William Maxwell treats his personal material as if it were history. It is one part memory, one part research and one part hearsay but one hundred percent compassion. Compassion in my mind is an admixture of feeling and sustained attention with regard to others. Compassion is the absence of cruelty. Compassion is steady and relaxed—allowing patience where we may not have any for ourselves. Compassion is acceptance of what you didn't realize or can't understand. Compassion is not attainable without process—going through the various methods of drafting. Each one provides you with another perspective, another point of focus. Each method provides more ingredients to the approach that helps the content to stand on its own so that the writer can leave it behind them.
—Nancy Beckett

Skyping into a Writing GroupMost Wednesday nights I’m at the kitchen table staring into my laptop screen at a living room full of women. It's my writing group, which is presided over by Nancy Beckett, an incredible playwright and writing teacher in Chicago. My admiration for her insight, depth, and crazy, mordant Irish wit never evaporates.

Everyone else assembles in her apartment for our three-hour sessions; I Skype in from St. Paul.

This week we read an excerpt from the great editor and writer William Maxwell's creative nonfiction, and, as is the drill each week, Nancy gave us her deeply insightful lesson, a portion of which I cite above.

What I love about this work is that it goes past how to string sentences together, though there is that. It reminds me why I write. As Nancy would say, "People write because they can't help themselves." I write in order to know. I write in order to be changed.

(photo above: Tina, one of the group members, reads from her novel-in-progress.)

Share Your Reflection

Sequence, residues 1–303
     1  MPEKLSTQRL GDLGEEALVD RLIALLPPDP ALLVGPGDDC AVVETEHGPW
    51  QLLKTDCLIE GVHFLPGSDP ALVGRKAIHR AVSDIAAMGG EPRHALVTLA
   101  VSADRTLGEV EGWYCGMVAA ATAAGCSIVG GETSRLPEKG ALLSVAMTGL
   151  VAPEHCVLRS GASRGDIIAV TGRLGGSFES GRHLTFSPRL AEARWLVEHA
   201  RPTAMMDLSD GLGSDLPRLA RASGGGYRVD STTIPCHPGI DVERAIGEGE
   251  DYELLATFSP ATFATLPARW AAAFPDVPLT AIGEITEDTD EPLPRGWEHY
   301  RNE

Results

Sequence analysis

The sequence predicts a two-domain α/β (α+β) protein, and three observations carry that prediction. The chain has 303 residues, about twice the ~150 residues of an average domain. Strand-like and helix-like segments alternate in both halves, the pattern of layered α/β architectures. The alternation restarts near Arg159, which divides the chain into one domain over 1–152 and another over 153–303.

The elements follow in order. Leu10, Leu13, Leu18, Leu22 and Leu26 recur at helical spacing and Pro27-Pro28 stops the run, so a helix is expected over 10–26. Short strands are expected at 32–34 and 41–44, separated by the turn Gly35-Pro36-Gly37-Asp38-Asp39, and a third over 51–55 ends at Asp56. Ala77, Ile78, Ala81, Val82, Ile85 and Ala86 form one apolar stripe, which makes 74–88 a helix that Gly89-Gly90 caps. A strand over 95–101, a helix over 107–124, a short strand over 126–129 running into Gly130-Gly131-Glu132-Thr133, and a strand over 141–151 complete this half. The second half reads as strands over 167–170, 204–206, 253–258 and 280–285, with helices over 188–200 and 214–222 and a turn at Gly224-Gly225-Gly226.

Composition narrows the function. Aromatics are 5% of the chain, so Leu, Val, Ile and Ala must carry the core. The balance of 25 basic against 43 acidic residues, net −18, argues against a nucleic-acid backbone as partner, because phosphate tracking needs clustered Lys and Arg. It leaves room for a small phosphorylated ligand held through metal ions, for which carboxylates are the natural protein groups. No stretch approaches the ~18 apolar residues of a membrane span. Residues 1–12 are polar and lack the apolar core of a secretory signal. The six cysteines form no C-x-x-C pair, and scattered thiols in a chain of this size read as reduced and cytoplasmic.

Love this.
For me, too, writing serves so many purposes--this makes me more conscious of it, especially when so much writing I do these days is on-demand for work...that I not forget the bigger art of changing my self.

I love this idea, and find it to be true in my own writing as well. I am working on a story right now but hugely struggling with one particular character. I know it's because I have little compassion for this type of person in real life and the same holds for this story. I love it when authors can make me see and understand the complexity in all of us, but here, my own judgmental attitude and lack of compassion is getting in the way. I'm hoping I can write my way out of it!

I was so delighted when I came across this on Facebook that I had to look it up on your website! William Maxwell has become a favorite writer of mine in the past few years as I've begun a mission of looking for kindness is fine literature. It's nice to know there are kindred spirits out there! Please continue posts in this vein!!

Liza, My favorite of all Maxwell's books is So Long, See You Tomorrow which I think is his masterpiece but is also an American masterpiece on the level of A Death In The Family. This book was suggested to me by Jose Barchilon, a brilliant and compassionate psychoanalyst. It's a book about forgiveness,but primarily about forgiving yourself. It broke my heart and opened my heart.

What refreshing words...compassion has long been my personal passion...being a voice for those who have felt discouraged and or disillusioned by life and at times, even the church. Thank you for inspiring me with your words/thoughts and actions.
I have recently published a book titled JOUNREY which deals with the topic of compassion and inclusion....I am a true lover or words and appreciate those whose words inspirt me as well! Peace....